CHAMPAIGN - What did you accomplish during your first day at your job?
Whatever it was, Josh Whitman likely put it to shame.
On his first day as the acting Illinois athletics director, Whitman re-wrote the script of the entire Illinois athletics program.
Whitman started his Saturday by lending men's basketball coach John Groce the vote of support the Illini basketball coach needed to boost his efforts to close on a possible program-changing 2017 recruiting class.
About an hour later, Whitman finally ended the hangover of the Tim Beckman era -- and the constant questions of instability in the fallout of Beckman’s misdeeds -- shocking the college football world by dismissing football coach Bill Cubit.
In just a wee matter of hours on an unsuspecting Saturday, Whitman -- a 37-year-old former Illini football player -- put Illini fans, coaches, players, donors and Big Ten rivals on notice. He will not conduct “business as usual” at Illinois.
That approach -- of treating Illinois football as the second sport behind basketball, of the administration getting in athletics’ way, of waiting too long to take the necessary action -- has only led to failures.
"If there is a statement to be made, I think we've done that," Whitman said. "I think the people understand that we are going to do everything in our power to put our programs in a position to be successful. If we realize that a decision needs to made, we're not going to delay in making it.
"I see this as the first step toward what we ultimately want to build, and as most things are, this is a question of perspective. And this is the first very positive step toward developing that championship culture, that championship program that I know all of our fans and all of us hope to expect to see. So I think this is a very positive development in the history of our football program."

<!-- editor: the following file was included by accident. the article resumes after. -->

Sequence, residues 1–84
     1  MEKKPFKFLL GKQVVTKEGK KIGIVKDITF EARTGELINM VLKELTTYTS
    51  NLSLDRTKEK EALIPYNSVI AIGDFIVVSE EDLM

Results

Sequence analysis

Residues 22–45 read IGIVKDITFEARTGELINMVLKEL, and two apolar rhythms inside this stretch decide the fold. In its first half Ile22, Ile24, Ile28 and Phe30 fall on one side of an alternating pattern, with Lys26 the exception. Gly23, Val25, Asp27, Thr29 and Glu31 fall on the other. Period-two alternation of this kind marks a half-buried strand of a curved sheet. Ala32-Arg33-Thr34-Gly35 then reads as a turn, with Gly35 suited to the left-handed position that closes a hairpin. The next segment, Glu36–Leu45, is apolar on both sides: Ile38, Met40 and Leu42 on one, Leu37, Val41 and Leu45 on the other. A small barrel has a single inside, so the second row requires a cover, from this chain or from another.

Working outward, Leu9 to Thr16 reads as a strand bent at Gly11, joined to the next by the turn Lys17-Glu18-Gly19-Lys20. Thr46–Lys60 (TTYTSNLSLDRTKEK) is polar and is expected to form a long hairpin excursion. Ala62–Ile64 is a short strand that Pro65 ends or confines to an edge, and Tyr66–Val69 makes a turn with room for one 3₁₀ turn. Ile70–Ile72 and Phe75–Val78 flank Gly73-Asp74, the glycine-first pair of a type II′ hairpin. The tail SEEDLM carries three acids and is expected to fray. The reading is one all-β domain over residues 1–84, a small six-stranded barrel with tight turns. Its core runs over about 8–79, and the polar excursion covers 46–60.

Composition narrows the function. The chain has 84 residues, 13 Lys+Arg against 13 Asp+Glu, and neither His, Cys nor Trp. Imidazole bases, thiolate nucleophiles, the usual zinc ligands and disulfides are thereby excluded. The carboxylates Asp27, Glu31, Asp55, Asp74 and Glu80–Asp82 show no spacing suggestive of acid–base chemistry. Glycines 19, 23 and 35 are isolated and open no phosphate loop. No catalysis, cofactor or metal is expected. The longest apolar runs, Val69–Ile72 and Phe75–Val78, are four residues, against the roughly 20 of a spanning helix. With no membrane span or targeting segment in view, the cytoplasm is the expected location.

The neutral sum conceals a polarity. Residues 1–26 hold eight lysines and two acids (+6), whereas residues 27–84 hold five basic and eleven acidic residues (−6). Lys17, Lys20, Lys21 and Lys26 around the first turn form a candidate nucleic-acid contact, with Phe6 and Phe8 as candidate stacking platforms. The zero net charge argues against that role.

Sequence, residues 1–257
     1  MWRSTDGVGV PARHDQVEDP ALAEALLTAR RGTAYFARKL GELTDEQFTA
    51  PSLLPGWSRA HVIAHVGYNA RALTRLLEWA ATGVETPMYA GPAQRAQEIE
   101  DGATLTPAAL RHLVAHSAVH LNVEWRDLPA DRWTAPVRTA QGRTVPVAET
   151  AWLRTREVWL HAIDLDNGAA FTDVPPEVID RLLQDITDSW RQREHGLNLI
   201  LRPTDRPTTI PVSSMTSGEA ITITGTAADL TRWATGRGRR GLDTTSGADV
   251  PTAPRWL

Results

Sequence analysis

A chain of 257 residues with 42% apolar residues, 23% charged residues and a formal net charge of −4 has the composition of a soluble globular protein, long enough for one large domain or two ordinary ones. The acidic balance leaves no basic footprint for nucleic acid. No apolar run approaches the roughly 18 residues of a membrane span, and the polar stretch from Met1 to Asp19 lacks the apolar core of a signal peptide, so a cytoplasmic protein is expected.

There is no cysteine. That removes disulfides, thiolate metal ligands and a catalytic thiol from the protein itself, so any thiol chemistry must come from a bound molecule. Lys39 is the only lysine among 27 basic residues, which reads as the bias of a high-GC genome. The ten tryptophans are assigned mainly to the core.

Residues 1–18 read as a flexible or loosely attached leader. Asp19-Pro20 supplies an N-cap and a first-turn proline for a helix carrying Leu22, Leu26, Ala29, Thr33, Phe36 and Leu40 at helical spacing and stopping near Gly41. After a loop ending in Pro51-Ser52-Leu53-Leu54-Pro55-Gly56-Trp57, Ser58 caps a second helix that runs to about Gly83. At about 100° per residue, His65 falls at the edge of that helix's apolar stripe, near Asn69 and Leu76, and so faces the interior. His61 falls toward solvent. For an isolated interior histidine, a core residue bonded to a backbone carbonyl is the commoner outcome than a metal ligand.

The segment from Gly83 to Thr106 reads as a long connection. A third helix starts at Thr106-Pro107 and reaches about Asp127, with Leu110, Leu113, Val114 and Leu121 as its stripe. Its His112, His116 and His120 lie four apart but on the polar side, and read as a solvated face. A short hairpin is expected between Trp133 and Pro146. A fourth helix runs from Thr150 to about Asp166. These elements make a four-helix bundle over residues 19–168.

Setting a standard
Only time will tell if Whitman’s actions on Saturday will succeed. Some NFL coaches thrive in college (Bill O'Brien and Jim Mora Jr. to name just a few). Others have failed, including Whitman’s Illinois coach, Ron Turner, and former Bears coach Dave Wannstedt.
Smith, known as a "players' coach" with the Bears and Buccaneers, still must prove himself as a recruiter. He must assemble a capable staff, including the ever-important offensive coordinator position which proved to be his undoing in Chicago.
But Whitman’s move was bold and decisive. The former Division III athletics director, who led St. Louis Washington University until yesterday, proved he is no puppet.
He proved by landing Smith -- who undoubtedly will command a higher salary than any previous Illinois coach -- that he will invest more in Illinois athletics than any of his predecessors, and he proved that he can earn the support from administration and donors to make that investment.
"I'm very grateful to our board, our chancellor, our president," Whitman said. "I think we're all prepared to support this coach in a way that we have not in the past. I think it will make us very competitive as we go out to look for the next football coach."
National media outlets will now take an interest in Illinois. The kind of interest that has only been fleeting (BCS appearances in 2000 and 2007 that look flukey in hindsight). The kind of interest that will make recruits think twice about Illinois. The kind of interest that will take Illinois seriously again.
Cubit and Beckman made great efforts to build relationships at Illinois high schools. But Smith, a Texas native who led the Bears to one of the franchise’s two Super Bowl appearances (with Rex Grossman as his quarterback!), will turn heads.